Mixed day for the pound

12 January, 2017

Rob Bastin

Yesterday provided a much busier day on the markets with both data releases and key speeches of interest. The morning kicked off with November’s Manufacturing and Industrial Production figures for the UK that had previously shown a sharp contraction. Markets has anticipated a return to growth with these figures which in fact over delivered with actual results far exceeding predictions at 2.1% growth for Industrial production and 1.3% growth for Manufacturing. Economists have largely attributed this increase to the weaker pound which is now starting to have the expected positive effect on UK exports. Despite this upbeat figures the UK’s Trade balance figures had still deteriorated in November with a trade deficit estimated at a round £4.2bn, which represents a £3.3bn surge in imports further widening the gap from the previous month. On reflecting on this data the markets reacted negatively towards Sterling, with greater concern over the widening trade deficit than any positivity from the increase in exports, given that these figures are somewhat aided by the current weak pound.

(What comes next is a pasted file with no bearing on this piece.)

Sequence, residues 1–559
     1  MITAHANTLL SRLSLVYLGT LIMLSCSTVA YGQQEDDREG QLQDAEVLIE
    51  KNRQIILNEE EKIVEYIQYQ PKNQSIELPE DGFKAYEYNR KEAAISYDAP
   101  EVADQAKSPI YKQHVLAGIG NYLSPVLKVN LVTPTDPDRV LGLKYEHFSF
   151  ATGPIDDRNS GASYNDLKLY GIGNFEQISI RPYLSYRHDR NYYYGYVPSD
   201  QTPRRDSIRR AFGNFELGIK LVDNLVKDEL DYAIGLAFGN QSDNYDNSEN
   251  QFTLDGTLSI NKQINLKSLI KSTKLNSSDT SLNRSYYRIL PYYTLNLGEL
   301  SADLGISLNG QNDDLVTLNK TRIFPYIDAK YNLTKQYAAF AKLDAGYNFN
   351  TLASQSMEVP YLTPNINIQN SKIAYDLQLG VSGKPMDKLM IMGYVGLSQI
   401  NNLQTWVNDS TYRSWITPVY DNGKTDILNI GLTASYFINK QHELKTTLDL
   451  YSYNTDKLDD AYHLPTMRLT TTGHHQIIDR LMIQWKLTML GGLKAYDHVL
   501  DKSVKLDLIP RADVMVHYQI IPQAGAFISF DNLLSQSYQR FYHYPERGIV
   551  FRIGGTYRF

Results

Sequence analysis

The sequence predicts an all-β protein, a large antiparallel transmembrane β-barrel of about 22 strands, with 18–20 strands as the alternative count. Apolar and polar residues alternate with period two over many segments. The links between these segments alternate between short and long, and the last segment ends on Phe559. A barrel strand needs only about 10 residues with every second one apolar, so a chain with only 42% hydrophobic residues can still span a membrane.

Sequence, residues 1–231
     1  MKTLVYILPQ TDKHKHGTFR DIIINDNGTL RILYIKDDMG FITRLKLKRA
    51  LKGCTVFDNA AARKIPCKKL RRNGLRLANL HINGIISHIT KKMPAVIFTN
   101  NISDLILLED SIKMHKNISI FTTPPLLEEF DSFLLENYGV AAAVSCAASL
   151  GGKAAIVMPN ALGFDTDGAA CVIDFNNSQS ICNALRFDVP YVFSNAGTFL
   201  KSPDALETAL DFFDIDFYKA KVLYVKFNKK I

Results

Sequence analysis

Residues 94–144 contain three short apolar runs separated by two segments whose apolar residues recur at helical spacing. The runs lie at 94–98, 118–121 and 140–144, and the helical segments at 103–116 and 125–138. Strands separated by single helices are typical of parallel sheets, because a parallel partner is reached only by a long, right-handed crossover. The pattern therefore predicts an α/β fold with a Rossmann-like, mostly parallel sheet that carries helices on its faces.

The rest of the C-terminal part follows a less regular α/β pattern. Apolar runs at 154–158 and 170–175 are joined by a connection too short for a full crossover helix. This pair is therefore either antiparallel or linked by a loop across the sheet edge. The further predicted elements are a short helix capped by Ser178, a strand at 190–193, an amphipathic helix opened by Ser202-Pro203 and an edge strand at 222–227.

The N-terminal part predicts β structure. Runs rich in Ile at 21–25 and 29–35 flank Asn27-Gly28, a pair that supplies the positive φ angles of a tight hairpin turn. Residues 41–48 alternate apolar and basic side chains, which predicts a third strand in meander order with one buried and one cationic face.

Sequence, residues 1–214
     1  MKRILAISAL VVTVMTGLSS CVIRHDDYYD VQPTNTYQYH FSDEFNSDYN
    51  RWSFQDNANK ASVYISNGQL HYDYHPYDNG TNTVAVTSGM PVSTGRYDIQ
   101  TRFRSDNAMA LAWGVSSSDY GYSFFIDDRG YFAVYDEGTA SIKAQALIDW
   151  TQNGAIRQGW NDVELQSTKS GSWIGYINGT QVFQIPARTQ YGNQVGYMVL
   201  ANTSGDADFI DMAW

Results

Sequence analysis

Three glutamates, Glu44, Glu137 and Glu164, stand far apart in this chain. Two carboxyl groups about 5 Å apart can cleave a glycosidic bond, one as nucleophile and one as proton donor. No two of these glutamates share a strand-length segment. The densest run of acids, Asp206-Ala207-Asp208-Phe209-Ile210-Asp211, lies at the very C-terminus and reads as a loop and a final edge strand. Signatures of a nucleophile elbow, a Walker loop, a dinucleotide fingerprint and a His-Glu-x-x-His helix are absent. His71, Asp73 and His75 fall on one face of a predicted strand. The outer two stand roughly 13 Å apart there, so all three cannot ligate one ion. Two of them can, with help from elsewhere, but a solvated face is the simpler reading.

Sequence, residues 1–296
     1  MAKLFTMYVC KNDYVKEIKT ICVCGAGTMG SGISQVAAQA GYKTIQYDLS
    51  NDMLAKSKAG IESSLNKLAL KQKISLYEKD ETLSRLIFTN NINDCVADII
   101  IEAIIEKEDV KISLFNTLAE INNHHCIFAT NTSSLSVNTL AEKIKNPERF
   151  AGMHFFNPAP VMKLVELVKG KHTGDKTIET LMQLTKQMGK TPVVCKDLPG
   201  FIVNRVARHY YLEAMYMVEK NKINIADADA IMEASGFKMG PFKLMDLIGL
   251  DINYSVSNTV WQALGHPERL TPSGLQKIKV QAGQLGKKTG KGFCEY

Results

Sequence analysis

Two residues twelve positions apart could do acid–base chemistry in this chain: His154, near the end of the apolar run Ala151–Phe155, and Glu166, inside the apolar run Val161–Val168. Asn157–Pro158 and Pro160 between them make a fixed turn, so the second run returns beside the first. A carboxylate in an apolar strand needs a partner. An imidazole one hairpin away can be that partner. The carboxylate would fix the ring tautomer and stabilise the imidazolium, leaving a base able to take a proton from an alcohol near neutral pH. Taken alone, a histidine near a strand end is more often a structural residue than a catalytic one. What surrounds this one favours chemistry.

The weak pound was matched by a weak Euro yesterday so GBP/EUR rates remained fairly stable near to 2 month lows, but with the US Dollar still in the driving seat cable plummeted to a new 31 year low by lunch time. This move came ahead of 2 speeches of interest that saw further volatility during the afternoon session. First up was the Bank of England governor Mark Carney in front of the Treasury select, where a number of questions were put to him regarding the Bank’s post Brexit forecasts. Mark Carney defended their gloomy forecasts saying that things could have been a lot worse had the Bank not have stepped in with aggressive stimulus back in August. Carney went on to say that the ‘scale of immediate risks have gone down’ in relation to Brexit, however the Bank sees greater risks ahead to financial stability, with access to markets highlighted as a key area the UK should focus on, somewhat of a contrast to the tone of Theresa mays comments last weekend.

Donald trump rounded off the afternoon with his speech where he faced various questions over recent allegations but focussed on the handing over of his business empire to his sons. Whilst there wasn’t much to be perceived as particularly negative, the greenback dropped around 1 cent against the Euro and Pound during his speech, retracting much of its earlier gains. Could this be a sign of things to come with Trump at the helm? Fear and uncertainty are very likely to be more evident going forward than has been seen during the ‘Trump really’ post election.